honestly, i had understood for a long time that i was fully tangled up in their lives and relationship, and, what was so horrible, couldn’t accept the attention of either one without bitterness or jealousy. i would observe and compare how they behaved with me and how with each other. i saw how laura would be especially sweet with me when povky was around, and how povky would simply ignore her around me, talking to me about what only we would know, like something from school, while sneaking glances at laura to see if she was jealous. it seemed to me that laura’s sob stories about her shitty life were not an attempt to get sympathy, but a rebuke, that she was waiting for affirmation that she is wonderful, intelligent and that i would always be her friend, that everything would turn out ok. this behavior of hers seemed wrong to me in principle because i wouldn’t dare ask for any such affirmation from her. i had no hopes of getting any. but maybe it wasn’t like that at all, maybe i imagined everything, i don’t know. after every discussion of our relationship that would turn into a circus of shouts, slammed doors, and flying objects – especially when we were drunk or stoned – i swore i wouldn’t meet up with them anymore. honestly, i didn’t want to be with one or the other. i needed them both. i needed things to be how they were at the beginning, but it wasn’t like that anymore, so i simply needed to end it with both of them. yet, whenever one of them showed me a lot of attention, or we had a rare day when we all got along, i would melt all over again, and then everything would repeat.

            one time, before easter, i left the rental place and went to the bus stop so lost in thought that i got on the wrong bus – i usually take the 22, but that evening i realized i got on without even looking at the number. in the naive hope that all the buses from there would go to either the train station or the center of town, i pulled out a book: anderson’s tales, something i had read almost a hundred times over because i didn’t like to read new books in the rental place – the people and noise were too distracting. but i understood something wasn’t right when the bus drove around the traffic circle and went straight. i closed my book and decided to get out at the next stop, but it didn’t stop for so long that i got scared i would get out and not know how to get home – it was pitch dark outside. we were bumping along through gariūnai, and i decided to wait and see what was next. there were only a few people left, and they got off one by one, here or there, until i was alone. after we went through gariūnai, the bus passed a little forest, turned this way and that, entered a kind of roundabout, and the driver shouted that i should get off because it’s the last stop. i got out with rubber legs, dug my cell out of my pack, but as soon as i pressed my mom’s number, it died – i had been planning to buy a new one for a while: my motorola couldn’t hold a charge.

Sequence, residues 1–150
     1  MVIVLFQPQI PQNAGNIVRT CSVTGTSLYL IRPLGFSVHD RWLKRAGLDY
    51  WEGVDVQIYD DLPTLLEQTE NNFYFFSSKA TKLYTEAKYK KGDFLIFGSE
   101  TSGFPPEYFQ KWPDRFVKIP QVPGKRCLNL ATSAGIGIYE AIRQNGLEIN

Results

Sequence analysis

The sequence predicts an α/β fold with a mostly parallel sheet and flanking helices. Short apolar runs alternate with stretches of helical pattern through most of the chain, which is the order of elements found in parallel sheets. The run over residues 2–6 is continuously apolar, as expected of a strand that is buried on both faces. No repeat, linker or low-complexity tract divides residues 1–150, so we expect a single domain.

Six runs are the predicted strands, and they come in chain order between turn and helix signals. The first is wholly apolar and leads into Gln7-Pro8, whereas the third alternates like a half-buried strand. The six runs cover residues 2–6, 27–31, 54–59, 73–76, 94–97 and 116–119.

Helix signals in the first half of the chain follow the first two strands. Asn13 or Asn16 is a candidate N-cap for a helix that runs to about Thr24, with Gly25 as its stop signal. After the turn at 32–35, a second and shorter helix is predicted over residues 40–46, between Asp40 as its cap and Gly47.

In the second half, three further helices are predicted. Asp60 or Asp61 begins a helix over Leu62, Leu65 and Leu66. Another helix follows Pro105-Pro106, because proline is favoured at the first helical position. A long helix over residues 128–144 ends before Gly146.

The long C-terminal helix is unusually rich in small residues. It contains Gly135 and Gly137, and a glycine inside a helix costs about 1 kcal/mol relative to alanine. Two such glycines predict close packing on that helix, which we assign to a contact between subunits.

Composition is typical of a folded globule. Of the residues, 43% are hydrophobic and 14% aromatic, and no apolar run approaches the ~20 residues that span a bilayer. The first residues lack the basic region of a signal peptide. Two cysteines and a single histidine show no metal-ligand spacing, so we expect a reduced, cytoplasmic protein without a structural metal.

so, i was standing alone next to this dark bus with a road stretching out straight in front of me that had houses and some kind of gardens on each side. i thought about going to the first house to ask to make a phone call. then i remembered i don’t even know my mom’s number – all the numbers where in my dead phone’s memory. i thought i could ask those people to call me a cab. i imagined them as simple villagers with dirty, cold homes, heated only by a wood stove. when i knocked at the door, they would all be sitting in their largest room watching tv. or, maybe i would hit on a place where they were all drinking “bumbeer” – reinforced with alcohol – and maybe they would offer me some, and maybe i would accept a glass or two while waiting for the taxi, and i would catch a buzz. i would slowly realize there’s no taxi coming, and they would be repeating to me that any minute now – five minutes, and those five minutes would drag on and on, and i would collapse from the reinforced beer on a couch with greasy armrests full of cigarette burns – i hadn’t eaten all day, so it wouldn’t take much. would they drive me away the next day? or maybe they’d let me stay? maybe i would want to stay: drinking every day, not working, not seeing povky or laura, or my mom, not knowing anything about aurelijus, and no one knowing anything about where i disappeared. at first, they would look for me, then they’d forget. that’s how it always was with missing people. after a few years, i would turn into a woman of unknowable age and a bluish face, thin legs, belly bloated like a toad’s – my liver would be eaten away, my teeth rotted, no thoughts in my head at all…

            “are you staying, or going?” yelled the driver, sticking his head out the front door. the lights were on again, the engine rumbling. “are you going back to lazdynai?” i asked. he said he’s going to “the good hope[3].” i didn’t get on so much as jump, thinking about how lucky i was: from the good hope to home was as easy as pie.


1. The Russian term малоле́тка (malalyetka), appropriated in Lithuanian, is used colloquially, and even pejoratively, to refer to a minor. It may be used to describe an individual that is under the statutory age for sexual intercourse or drug use or to emphasize an individual’s lack of maturity.

2. Vilnius University

3. Gerosios Vilties (Good Hope) – a bus stop in the district of Vilnius



Translated from Lithuanian by Rimas Uzgiris your social media marketing partner


logo lktlogo momuzAsociacija LATGA logo vilnius




logo lrsThe Lithuanian Culture Institutelogo lim

Write us